Chaos: Eugene Pasap says that his entire life was chaos until he stopped drinking 2Vè years ago. Now the father of three children, he is a counsellor at Regina Native Youth Community Services. Said Pasap: “What I would like to see is a system on the reserves where they could punish their own. The problems become worse when Indian people become a part of the justice system. It might be different if we could deal with our people.” But for Indians, the problems extend beyond arrest and trial. Said Pasap: “In the institutions, you actually see racism and are confronted by it. I got beat up, once by the guards, and another time the guards put other inmates onto some of us in Prince Albert.”
One expert who also underlines the result of racism in the system is James Warner, Regina-area director of the John Howard Society, a service organization for offenders and their families. Propping his feet on the desk in a hot, cluttered office, Warner said: “You put a white man and a native beside each other, same age, same crime and same judge—many times the native will get time and the white man will get a conditional discharge. Yes, I think the system is racist.” Warner’s colleague Dick Byrd, a John Howard caseworker who is a Métis, said that the disproportionate number of Indians in jail should not be blamed on white judges but on the reserves which incubated the alcoholism and violence that led to apparent inequities in the justice system. Added Byrd: “Reserves have no economic base and therefore all the talented people on reserves leave. There are no role models left. The only role model is to be the toughest guy on the reserve.”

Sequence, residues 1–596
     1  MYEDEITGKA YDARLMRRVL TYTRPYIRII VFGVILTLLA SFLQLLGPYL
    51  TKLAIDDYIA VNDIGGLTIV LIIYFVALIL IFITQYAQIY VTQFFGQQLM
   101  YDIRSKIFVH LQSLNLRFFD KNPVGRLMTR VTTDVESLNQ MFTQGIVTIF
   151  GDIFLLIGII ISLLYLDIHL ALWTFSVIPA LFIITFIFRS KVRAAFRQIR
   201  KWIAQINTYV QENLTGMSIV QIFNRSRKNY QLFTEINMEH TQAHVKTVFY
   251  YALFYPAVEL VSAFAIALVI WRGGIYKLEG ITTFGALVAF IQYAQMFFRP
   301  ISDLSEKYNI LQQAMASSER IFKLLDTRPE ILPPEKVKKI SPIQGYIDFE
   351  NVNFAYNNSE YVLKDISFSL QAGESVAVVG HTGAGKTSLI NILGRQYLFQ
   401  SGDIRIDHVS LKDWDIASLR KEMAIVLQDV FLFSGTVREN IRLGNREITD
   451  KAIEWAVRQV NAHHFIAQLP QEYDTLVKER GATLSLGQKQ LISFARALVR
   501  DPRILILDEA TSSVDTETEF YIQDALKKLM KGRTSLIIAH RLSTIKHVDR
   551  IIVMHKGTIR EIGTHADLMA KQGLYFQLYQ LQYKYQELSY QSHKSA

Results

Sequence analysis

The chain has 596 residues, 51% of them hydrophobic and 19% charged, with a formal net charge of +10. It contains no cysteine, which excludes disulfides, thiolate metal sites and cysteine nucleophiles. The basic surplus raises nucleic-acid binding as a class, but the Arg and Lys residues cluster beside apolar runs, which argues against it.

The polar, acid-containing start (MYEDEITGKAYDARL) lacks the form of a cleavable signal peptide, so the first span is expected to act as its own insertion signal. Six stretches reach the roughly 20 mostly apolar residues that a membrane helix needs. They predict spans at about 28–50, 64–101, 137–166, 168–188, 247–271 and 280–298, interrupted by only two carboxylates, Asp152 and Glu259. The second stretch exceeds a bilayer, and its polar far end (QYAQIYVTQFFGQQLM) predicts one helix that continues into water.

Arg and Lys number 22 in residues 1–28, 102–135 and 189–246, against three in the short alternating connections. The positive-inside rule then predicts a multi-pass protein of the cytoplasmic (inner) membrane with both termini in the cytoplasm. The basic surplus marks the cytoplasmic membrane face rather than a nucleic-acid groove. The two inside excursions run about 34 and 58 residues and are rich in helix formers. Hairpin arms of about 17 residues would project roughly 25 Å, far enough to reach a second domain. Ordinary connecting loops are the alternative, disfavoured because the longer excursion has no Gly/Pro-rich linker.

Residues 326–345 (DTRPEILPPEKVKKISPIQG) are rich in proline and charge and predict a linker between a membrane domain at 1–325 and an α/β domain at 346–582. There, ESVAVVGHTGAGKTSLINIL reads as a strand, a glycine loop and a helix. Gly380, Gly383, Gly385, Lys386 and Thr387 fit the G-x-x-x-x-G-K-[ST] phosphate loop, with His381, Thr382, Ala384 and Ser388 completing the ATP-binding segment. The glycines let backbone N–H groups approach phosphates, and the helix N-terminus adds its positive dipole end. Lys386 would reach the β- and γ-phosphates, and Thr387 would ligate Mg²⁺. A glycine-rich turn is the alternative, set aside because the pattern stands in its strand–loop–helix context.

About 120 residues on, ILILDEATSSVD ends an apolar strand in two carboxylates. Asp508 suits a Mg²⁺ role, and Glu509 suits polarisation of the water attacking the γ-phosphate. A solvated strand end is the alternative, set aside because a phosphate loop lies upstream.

Squads: Most municipal enforcement agencies have few special resources for dealing with native crime. But six police departments, in Vancouver, Edmonton, Calgary, Regina, Toronto and Ottawa, have responded by setting up special squads to keep migrants out of trouble once they arrive. Const. Brian Van De Wark belongs to the Calgary force’s five-member race relations unit, which meets regularly with representatives from the surrounding reserves and from the Calgary Indian